Here’s a supercut of Rodgers targeting Jimmy Graham last week. Call me crazy, but I’m starting to think that the veteran tight end might not pose as much of a threat as he once did! And Graham is still two years younger than fellow tight end Marcedes Lewis.

The cupboard is pretty bare outside of Adams, so it would make sense for the Vikings to bracket Green Bay’s WR1 with safety help over the top early and often. Adams roasted the Vikings for seven catches and 106 yards on eight targets in Week 2 along with drawing a 25-yard pass interference penalty on Xavier Rhodes. The Packers have done well getting Adams open against single high safety defensive looks, as they showed on this play against the Bears Week 16. The pre-snap motion and play action made for an easy throw and big gain.

Five of Adams’ seven catches in the first meeting came when the Vikings defense had a single safety in the middle of the field at the snap. Running more Cover 2 and Cover 4 would leave the middle of the field more susceptible to big plays, but shifting coverage over to Adams would be easier. It will be interesting to see how Mike Zimmer and George Edwards try to defend Rodgers’ favorite target on Monday.

Of course, it’s unlikely that Zimmer will win his third division title in six years because of the new sheriff in town, so we should probably talk about him instead. Packers Head Coach Matt LaFleur has had an excellent first year in charge. His next win will double the total of last year’s underachieving bunch. That’s no small feat.

LaFleur’s career is off to a nice start, but let’s hold off on labeling him some kind of genius. His greatest trait so far might be “not being Mike McCarthy.” Even the biggest mouth breathers among the Packer faithful could see that Aaron Jones needed more of the ball the past two seasons. Jones and his backfield battery mate Jamaal Williams have combined for 371 touches, 1,916 yards from scrimmage, and 23 of the team’s 40 touchdowns this season. They’re also second and third on the team in receptions, which has helped mask their other under-performing pass catchers.

This doesn’t happen very often, but the Packers might have a pretty big advantage at running back on Monday. Dalvin Cook is highly unlikely to play and Alexander Mattison was a scratch from the first injury report of the week, which means it’s Mike Boone and Ameer Abdullah time. Being without Cook and Mattison would be a big loss, because their running (and the threat of their running on play action) would help counteract the Green Bay pass rush. The Packers had 28 total pressures in the Week 2 matchup, including 13 by interior defenders Kenny Clark and Dean Lowry. Garrett Bradbury and the rest of the Vikings offensive line have improved since then; they’ll need to show exactly how much better they are on Monday to keep Green Bay’s Smith brothers at bay.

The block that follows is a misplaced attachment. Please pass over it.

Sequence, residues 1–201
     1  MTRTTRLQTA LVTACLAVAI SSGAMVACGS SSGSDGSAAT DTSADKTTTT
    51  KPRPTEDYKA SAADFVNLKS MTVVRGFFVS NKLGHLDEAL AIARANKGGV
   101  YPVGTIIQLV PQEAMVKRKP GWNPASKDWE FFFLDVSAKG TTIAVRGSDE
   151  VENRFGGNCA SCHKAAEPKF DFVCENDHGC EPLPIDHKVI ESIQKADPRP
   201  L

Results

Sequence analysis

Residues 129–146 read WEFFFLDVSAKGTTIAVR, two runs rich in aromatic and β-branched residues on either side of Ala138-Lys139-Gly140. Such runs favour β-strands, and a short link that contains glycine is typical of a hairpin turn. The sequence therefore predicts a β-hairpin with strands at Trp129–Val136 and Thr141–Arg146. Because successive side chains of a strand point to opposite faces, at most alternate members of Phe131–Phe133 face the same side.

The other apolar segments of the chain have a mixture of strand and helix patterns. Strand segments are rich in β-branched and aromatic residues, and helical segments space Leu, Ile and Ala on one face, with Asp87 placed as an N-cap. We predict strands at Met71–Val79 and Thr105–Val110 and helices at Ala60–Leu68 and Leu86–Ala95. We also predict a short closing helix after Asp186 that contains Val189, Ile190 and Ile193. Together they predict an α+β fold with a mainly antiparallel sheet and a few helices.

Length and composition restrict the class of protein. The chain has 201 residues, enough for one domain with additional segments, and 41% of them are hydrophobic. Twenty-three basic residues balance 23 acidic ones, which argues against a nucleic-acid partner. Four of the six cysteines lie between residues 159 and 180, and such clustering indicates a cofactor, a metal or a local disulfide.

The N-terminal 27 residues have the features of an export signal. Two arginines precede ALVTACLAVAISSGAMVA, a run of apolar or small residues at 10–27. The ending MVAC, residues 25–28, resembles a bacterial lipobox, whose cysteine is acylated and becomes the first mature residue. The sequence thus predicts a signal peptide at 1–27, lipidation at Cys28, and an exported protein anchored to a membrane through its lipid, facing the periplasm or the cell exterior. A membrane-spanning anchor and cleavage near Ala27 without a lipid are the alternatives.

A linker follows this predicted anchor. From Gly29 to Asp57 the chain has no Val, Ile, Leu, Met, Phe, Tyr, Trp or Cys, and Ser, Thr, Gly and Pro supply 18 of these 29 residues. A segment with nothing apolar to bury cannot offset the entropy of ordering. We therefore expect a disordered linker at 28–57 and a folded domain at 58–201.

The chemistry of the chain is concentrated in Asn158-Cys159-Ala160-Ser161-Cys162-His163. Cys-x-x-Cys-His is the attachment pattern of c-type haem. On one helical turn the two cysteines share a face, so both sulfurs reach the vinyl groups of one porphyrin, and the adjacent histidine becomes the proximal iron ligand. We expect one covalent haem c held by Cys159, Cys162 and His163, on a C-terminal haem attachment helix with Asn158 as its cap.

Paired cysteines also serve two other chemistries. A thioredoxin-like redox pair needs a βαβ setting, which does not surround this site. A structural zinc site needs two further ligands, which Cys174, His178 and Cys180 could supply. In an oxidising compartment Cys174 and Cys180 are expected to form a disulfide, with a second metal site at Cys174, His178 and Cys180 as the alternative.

Back in September, it looked like the Packers defense was poised to take a a huge step forward. Rodgers famously said “we’ve got a defense” after their Week 1 win in Chicago. The good news for Green Bay: that’s still technically true! They still put eleven players out on the field when the other team has the ball. The bad news: they have regressed quite a bit since their hot start. I tweeted out a few interesting numbers I found comparing each defense:

If the Packers were at a larger risk of losing the division title, I could throw out even more numbers about how their defense has been middle of the road. But just about any defense could shut down Detroit next week, so apparently those metrics won’t mean much.

In all seriousness, the Green Bay secondary is markedly better this year. Second year corner Jaire Alexander looks like he’ll be a starter in that defense for years to come. Darnell Savage is coming along pretty well in his rookie season. Adrian Amos is making Bears fans regret the de facto safety swap for Ha Ha Clinton-Dix. Tramon Williams is doing his best Terence Newman impression as an effective slot corner into his late 30’s. If there’s one area for the Vikings to exploit on the back end, it would be cornerback Kevin King. He does have four interceptions on the season, including the game-clinching pick in the end zone Week 2. But he tends to be the all-or-nothing type of cover corner and gambles far too often. King has allowed more yards and touchdowns in coverage than any other Packer this year.

The Vikings might be short-handed in the backfield but they should have their full arsenal of receivers. Stefon Diggs already has 52 more yards than his career high last year on 42 fewer catches; he has been one of the best deep threats in the league this season. Adam Thielen eased back into things last week, playing just over half of the offensive snaps in Los Angeles. They’ll need him to be back to his usual Packer killer mode on Monday. Since the beginning of the 2016 season, Thielen is averaging 7.4 receptions and 99.1 yards per game against Green Bay.

Then again, the Packers are in NFC North pole position because they held Diggs and Thielen to six total catches in September. Looking back at the film of the Week 2 matchup, it’s hard to recognize the Vikings offense at times, especially when it comes to the play of Kirk Cousins. Cousins threw two bad interceptions and fumbled on back-to-back plays while completing only 14 of 32 passes that day. Vikings fans came away from that game feeling like Cousins simply wasn’t the answer; now they’re scoffing at how Rodgers made the Pro Bowl ahead of him. If Cousins continues to take care of the ball and play like he has since October, the Vikings shouldn’t find themselves in a 21-0 hole this time around. If the Packers have shown one thing this season, it’s their ability to grind out ugly wins by getting an early lead and holding on for dear life down the stretch.